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Assessing the extent of mangrove change caused by Cyclone Vance in the eastern Exmouth Gulf, northwestern Australia

Paling, E.I., Kobryn, H.T.ORCID: 0000-0003-1004-7593 and Humphreys, G. (2008) Assessing the extent of mangrove change caused by Cyclone Vance in the eastern Exmouth Gulf, northwestern Australia. Estuarine, Coastal and Shelf Science, 77 (4). pp. 603-613.

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Changes in mangal area were quantified in the eastern Exmouth Gulf over six years (1999-2004) after Cyclone Vance using Landsat TM satellite imagery and aerial photography. Vance was the strongest tropical cyclone ever to impact the Australian mainland before 2006 and produced wind gusts of more than 280 km h-1. Image data were processed using ENVI™ and IDRISI™ software. Three sets of Landsat TM images from 1999 (a few days before the cyclone), 2002 and 2004 were used, along with 2004 digital aerial photography. A 'common' subset of 904 km2 was selected from all images and classification was developed using ISODATA™ unsupervised classification to identify spectrally distinct areas followed by principal component analysis (PCA), vegetation indices and supervised classification. Some 12,800 ha of mangrove habitat was present before the cyclone and approximately 5700 ha (44%) was removed by it. Most mangroves lost (74%) between 1999 and 2004 were converted either to bare sediment or to live saltmarshes and this occurred mostly between 1999 and 2002. Five basic categories of damage were conspicuous from imagery and field observations, and evidence suggests that much of the loss was due to the longer term consequences of sediment deposition or smothering, rather than the immediate effects of wind or waves. Mangroves exhibited accelerated recovery between 2002 and 2004, and around 1580 ha regenerated during this time, amounting to a return of 68% of their former coverage. At this recovery rate we estimate that they should have returned to their pre-cyclone area by 2009. Over half of the saltmarsh habitats (54%) were removed by the cyclone (4060 ha) but their recovery has been far more rapid than mangroves. After 5 years, saltmarshes had returned to 87% of their previous area. The 5700 ha of mangrove habitat damaged by Cyclone Vance exceeds any anthropogenic impact that has ever taken place in Western Australia by several orders of magnitude.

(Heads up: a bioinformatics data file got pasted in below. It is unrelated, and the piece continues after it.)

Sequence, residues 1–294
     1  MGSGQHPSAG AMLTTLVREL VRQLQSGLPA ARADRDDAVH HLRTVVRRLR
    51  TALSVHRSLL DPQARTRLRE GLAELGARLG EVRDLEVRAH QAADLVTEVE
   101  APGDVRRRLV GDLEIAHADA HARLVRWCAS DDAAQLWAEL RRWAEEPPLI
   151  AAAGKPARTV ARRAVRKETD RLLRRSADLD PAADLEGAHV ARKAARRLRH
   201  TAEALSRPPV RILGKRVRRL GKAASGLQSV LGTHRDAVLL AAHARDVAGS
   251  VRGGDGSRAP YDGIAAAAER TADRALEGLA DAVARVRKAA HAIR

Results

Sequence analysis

Item Type: Journal Article
Murdoch Affiliation(s): School of Environmental Science
Publisher: Academic Press
Copyright: © 2007 Elsevier Ltd.
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